Wednesday, September 4, 2013

Its elegance, its engines,...

...its exciting new features, 
make other cars seem ordinary.

That's how Ford tried to advertise the Edsel. On Sept. 4, 1957 the first Edsels rolled off of the Ford assembly lines amid considerable publicity on what Ford called "E Day"! It was also promoted on a top television show, "The Edsel Show", but no marketing hype or campaign could overcome the buying public 's negative reaction to the Edsel's styling or design.

The Edsel offered several new features, including its rolling dome speedometer, low oil level and high engine temperature warning lights, and Push-button teletouch transmission shifting button in the center of the steering column. Advertised as a "revolutionary new concept", the Edsel actually shared several design and body features common with other Ford models, and which were apparent when seeing the cars in person. Other Edsel design innovations included ergonomically designed instruments and controls, child-proof rear door locks which could only be opened with a key, seat belts, and self adjusting brakes (claimed by Ford to be the first of their kind, but which actual were perfected in earlier Studebaker models).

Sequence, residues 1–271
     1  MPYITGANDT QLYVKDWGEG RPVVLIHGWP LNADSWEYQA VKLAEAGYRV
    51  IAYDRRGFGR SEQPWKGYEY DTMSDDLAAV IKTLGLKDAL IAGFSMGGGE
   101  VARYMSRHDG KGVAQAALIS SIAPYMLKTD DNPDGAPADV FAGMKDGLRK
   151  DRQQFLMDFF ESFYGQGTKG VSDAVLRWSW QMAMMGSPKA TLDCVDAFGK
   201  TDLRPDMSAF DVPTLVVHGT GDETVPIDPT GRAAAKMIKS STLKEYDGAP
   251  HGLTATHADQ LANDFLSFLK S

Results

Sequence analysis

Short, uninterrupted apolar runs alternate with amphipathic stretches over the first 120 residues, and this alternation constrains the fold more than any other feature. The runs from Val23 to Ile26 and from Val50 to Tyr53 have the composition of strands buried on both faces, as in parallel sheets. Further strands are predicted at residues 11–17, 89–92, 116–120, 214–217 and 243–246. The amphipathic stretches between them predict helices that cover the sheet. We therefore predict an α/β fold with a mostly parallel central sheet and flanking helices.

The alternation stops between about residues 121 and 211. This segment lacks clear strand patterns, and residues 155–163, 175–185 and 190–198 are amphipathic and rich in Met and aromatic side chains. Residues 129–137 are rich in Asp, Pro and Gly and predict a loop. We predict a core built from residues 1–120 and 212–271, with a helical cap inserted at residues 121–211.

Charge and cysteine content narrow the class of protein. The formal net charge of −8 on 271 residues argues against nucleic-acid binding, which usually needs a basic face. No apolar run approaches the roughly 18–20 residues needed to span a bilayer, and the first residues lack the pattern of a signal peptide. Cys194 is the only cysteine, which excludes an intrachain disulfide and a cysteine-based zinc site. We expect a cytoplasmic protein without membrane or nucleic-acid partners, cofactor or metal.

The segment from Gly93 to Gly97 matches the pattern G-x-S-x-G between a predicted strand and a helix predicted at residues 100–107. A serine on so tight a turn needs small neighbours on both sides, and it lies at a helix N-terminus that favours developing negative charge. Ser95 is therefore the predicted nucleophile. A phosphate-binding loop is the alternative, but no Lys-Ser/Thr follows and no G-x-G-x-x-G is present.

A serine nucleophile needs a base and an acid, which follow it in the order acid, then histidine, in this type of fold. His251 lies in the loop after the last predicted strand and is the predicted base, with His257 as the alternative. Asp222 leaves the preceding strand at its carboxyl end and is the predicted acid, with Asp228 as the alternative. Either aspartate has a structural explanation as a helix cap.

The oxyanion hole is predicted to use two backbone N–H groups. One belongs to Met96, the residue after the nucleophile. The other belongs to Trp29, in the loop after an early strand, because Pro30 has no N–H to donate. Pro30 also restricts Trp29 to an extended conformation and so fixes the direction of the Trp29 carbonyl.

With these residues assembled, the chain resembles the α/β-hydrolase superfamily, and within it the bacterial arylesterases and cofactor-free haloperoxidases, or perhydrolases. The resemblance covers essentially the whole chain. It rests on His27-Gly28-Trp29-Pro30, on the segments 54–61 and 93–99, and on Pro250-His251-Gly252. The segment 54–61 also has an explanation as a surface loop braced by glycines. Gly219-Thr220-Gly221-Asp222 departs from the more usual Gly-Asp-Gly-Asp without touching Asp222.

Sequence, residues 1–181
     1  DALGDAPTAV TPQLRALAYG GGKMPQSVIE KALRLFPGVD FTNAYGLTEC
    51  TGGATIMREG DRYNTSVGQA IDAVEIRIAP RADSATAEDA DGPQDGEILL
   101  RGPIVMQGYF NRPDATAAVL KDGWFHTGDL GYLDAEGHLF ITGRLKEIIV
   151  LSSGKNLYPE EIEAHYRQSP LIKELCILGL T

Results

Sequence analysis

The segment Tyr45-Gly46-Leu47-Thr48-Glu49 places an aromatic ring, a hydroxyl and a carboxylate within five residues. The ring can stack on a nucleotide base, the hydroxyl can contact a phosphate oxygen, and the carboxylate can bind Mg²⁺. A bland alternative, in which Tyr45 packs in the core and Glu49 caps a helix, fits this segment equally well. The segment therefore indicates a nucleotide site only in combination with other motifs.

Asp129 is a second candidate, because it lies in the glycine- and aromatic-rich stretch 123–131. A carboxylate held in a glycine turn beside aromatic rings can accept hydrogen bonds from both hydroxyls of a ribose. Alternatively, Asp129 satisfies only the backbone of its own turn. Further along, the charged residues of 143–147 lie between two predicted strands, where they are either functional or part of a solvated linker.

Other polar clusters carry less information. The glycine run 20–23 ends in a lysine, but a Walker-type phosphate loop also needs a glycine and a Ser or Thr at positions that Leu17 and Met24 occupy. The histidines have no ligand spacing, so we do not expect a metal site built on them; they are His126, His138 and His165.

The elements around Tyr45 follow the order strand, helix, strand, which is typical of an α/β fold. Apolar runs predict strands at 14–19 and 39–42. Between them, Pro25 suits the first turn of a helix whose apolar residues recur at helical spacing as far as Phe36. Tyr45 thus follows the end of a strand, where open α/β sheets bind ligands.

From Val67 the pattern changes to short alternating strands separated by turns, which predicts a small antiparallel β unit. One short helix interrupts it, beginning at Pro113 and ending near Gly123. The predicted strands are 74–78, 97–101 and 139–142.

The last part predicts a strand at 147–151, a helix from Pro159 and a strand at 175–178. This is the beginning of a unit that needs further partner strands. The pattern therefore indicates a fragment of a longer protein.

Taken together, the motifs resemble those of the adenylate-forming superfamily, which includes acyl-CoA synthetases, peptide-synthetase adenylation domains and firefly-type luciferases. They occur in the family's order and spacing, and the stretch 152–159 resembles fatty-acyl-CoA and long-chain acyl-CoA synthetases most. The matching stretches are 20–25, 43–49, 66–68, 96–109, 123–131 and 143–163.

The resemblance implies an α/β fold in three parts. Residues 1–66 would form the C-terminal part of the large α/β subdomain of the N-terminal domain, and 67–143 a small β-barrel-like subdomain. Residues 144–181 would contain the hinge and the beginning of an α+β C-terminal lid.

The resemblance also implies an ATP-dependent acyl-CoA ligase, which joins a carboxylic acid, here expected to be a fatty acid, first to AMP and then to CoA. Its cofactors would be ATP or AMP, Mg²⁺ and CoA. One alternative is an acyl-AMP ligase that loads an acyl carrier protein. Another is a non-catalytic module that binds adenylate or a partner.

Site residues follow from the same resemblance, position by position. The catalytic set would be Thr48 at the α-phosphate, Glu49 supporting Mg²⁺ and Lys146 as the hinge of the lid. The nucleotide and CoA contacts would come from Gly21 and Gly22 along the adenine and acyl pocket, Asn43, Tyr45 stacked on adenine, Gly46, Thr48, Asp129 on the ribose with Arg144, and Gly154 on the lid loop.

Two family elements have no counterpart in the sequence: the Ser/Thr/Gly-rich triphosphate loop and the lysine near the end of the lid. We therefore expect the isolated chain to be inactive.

Despite the hype, the innovation, and the strong marketing campaign, the Edsel was a flop. In its first year, 63,110 Edsels sold in the US, making it the second most successful initial vehicle launch, even though it was far short of Ford's expectations. 4935 models also were sold in Canada.

In the 1959 model year, 44,891 Edsels sold in the US, and 2505 were sold in Canada. In 1960, the last year of the Edsel, only 2846 units were made. Total Edsel sales were right around 116,000 which was half of Ford's projected "break-even" number, the number required to turn a profit. Ford lost $350 million on the project, or nearly $2.7 billion in today's dollars.

Why didn't the Edsel sell? Was it the design claimed to be radically new, but actually evident in other Ford models? Was it the revolutionary new features advertised but actually already in use by other manufacturers? No one seems to know for sure, but today fewer than 10,000 Edsels are thought to survive. Mint and rare specimens can bring over $100,000 on the collector market. Obviously the morbid curiosity with "Ford's flop" continues. We may never understand why, but the Edsel mystique continues to inspire curiosity.

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